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History Myths Buzzkilled

The Pentagon Papers

The Pentagon Papers Professor Phil Nash helps us explain the complicated and much-mythologized history of the Pentagon Papers, which is shorthand for the government-funded study of US involvement in Vietnam from 1945 to 1967. According to New York Times in 1996, the Pentagon Papers showed that the government had, "systematically lied, not only to the public but also to Congress." That secrecy and lying included hiding the expansion of US-led military action in south-east Asia to include Cambodia and Laos. Once leaked by Daniel Ellsberg and others, American newspapers, led by the New York Times, printed significant extracts from [...]

Computer Dating

Professor Marie Hicks joins us again, this time to discuss the yummy history of computer dating. Did it start with Operation Match at Harvard? Or was it a young entrepreneur in London? What were their reasons for thinking that computers could match people better than people could match people? And was the early history of computer dating as neat and clean as a computer punch card? Perhaps not! If you don't want Professor Buzzkill to fill in your profile for you, you'd better give this episode a listen!   --- Buzzkill Bookshelf   Joan Ball, Just Me (2014).   Joan [...]

Impeachment, Presidential Removal and Replacement

Impeachment? The 25th Amendment? Resignation? How do the American people remove a president from office? Why is it so complicated, and what's the history behind each way to get a dangerous, criminal, or just plain crazy chief executive out of the highest office in the land? Join Professor Buzzkill and Professor Nash as they work through all the possibilities, and illuminate all the history and politics behind the various processes. Listen and learn, Buzzkillers! --- Buzzkill Bookshelf Charles Black Jr., Impeachment: A Handbook (1998). Black's survey is a dispassionate, invaluable beam of light.This everyman's guide to impeachment outlines the [...]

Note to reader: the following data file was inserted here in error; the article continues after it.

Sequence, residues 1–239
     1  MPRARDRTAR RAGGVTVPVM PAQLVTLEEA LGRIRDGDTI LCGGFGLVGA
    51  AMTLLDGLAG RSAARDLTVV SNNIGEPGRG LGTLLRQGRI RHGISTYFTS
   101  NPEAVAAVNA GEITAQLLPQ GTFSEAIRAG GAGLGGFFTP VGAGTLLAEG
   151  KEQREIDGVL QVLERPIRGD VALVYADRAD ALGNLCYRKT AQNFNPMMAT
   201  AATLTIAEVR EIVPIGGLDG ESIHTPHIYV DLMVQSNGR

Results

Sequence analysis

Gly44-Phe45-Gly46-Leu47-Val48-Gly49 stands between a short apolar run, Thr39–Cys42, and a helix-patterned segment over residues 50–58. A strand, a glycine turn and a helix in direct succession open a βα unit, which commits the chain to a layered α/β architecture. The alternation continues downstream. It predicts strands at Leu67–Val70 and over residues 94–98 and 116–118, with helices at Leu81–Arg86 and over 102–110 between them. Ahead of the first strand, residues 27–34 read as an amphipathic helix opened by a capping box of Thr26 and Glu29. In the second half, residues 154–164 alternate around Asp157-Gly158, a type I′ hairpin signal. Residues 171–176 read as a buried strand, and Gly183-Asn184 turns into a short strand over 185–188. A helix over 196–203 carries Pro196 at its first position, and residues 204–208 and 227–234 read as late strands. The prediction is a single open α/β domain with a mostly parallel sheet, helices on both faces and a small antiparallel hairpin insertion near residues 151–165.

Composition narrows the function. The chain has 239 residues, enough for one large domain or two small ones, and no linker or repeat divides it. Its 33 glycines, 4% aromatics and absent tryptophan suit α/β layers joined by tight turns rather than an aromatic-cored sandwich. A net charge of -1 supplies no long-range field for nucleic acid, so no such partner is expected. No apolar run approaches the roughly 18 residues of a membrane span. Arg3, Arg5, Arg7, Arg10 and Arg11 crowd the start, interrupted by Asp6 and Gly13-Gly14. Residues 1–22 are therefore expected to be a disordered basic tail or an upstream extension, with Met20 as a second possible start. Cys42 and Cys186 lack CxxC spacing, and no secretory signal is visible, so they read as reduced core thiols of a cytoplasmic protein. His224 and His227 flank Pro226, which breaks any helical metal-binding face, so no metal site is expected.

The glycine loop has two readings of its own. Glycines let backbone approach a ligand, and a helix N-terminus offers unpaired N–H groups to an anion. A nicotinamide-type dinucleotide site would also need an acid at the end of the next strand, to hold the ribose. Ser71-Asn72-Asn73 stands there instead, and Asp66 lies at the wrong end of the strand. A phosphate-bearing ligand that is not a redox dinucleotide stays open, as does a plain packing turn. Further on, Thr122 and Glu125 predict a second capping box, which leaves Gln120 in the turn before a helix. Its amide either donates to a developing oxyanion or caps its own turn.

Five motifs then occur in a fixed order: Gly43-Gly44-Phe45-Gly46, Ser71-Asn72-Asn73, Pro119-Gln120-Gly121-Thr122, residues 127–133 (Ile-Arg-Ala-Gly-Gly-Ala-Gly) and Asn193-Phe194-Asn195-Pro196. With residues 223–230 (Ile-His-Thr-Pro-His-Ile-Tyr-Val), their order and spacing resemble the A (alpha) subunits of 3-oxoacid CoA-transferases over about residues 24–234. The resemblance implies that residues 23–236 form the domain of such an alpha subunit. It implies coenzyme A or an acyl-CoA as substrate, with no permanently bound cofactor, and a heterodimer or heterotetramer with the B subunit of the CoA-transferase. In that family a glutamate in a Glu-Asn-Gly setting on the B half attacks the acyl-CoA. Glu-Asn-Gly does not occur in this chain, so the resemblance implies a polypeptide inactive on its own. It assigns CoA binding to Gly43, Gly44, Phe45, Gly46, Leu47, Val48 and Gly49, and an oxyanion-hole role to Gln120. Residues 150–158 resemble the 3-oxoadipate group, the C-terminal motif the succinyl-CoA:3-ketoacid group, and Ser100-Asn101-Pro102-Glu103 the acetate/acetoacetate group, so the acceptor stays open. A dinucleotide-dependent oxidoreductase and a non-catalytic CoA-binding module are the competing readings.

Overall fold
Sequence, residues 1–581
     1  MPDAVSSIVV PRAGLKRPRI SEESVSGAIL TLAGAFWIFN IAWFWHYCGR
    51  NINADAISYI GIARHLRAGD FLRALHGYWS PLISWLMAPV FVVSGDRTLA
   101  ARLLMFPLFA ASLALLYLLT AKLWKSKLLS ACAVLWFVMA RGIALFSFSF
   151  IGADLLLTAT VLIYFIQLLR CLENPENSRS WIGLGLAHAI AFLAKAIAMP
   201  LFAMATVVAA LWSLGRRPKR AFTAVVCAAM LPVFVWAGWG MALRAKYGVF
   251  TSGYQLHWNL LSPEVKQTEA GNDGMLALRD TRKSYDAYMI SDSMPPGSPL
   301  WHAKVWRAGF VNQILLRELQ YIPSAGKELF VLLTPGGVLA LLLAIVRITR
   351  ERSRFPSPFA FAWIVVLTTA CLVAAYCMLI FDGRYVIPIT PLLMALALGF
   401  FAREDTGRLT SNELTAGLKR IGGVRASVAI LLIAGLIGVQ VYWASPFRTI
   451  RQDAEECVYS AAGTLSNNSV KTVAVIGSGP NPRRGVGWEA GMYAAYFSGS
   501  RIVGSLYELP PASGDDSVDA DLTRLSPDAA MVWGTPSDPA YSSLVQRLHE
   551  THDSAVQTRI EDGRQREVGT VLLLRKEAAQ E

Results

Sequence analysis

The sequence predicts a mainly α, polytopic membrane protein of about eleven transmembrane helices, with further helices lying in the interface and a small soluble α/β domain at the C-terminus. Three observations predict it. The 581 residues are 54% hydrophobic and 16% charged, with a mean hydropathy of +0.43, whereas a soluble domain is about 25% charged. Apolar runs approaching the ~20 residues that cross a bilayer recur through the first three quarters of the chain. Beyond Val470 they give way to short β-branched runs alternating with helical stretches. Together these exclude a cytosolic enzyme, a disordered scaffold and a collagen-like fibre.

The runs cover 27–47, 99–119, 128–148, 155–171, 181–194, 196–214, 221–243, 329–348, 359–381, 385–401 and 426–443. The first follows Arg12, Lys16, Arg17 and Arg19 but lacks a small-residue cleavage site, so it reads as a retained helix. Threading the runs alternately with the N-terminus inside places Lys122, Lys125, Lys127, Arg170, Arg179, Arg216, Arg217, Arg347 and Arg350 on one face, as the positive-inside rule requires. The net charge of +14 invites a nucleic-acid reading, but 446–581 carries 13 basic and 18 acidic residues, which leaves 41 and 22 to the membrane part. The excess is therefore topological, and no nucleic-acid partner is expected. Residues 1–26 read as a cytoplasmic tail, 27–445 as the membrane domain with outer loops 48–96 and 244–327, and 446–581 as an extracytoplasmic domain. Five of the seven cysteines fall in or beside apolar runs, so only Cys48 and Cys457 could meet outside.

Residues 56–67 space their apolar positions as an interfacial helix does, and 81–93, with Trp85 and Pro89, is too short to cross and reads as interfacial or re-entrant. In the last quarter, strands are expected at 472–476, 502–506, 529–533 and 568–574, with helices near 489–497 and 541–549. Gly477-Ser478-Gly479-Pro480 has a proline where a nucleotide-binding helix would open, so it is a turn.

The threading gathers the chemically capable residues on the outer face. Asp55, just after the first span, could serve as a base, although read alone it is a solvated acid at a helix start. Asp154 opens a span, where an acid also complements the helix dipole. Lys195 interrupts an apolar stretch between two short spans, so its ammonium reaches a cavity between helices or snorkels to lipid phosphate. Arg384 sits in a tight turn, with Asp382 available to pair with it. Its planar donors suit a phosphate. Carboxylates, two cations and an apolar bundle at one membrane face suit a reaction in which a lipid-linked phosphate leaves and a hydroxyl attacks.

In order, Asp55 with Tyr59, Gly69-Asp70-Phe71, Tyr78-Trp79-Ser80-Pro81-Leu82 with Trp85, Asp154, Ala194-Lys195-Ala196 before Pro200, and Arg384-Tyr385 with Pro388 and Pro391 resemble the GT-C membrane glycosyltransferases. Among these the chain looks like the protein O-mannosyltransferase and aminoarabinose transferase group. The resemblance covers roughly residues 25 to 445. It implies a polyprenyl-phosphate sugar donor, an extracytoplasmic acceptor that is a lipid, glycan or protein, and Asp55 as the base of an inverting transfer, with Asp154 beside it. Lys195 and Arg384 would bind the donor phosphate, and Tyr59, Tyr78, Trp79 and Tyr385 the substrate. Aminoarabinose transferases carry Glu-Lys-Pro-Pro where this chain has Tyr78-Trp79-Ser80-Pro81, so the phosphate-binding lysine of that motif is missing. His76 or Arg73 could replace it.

Electricity in American Life 1882-1952

Electricity in American Life From 1876, when the first effective dynamo/generator that produced a steady current of electricity was invented, Americans reacted to this new phenomenon of electricity in many different ways. Professor Jennifer Lieberman is one of the first academics to study that reaction, especially how it appeared in popular literature, both fiction and non-fiction. And in doing so, she raises a lot of very important questions about our relationships with technology and the natural world. We interview her about the cultural reactions to electricity as a new technology is the topic of this episode. Listen and be [...]

Man Crush Monday! Varian Fry

You'll often hear the phrase that there's "a special place in hell (or a special circle of hell, or special level of hell) reserved for…" which then proceeds on to a quip about a relatively minor social infraction ("those who waste good whiskey," "those who split infinitives"). Obviously, it's also used to refer to the appropriate place for the especially evil (Hitler, Pol Pot). It's a way to remind us that we need constantly to remember how evil they were, and to be on guard for more like them. It's not as common to hear of a "special place [...]

The Pizza Effect

Yes, it's me, your favorite professor, here to get you back on the straight and narrow. Today I'm going to talk about something called "the pizza effect," but it's not the effect that pizza has on our collective waistlines. The pizza effect is something that affects our thinking about the history and origins of foods, traditions, and practices of different cultures. It's about what qualifies as culturally "authentic" in a culture, and how some of the history of different cultures has affected our perceptions of cultural attributes. Ask anybody where pizza was invented, and they will almost invariably reply [...]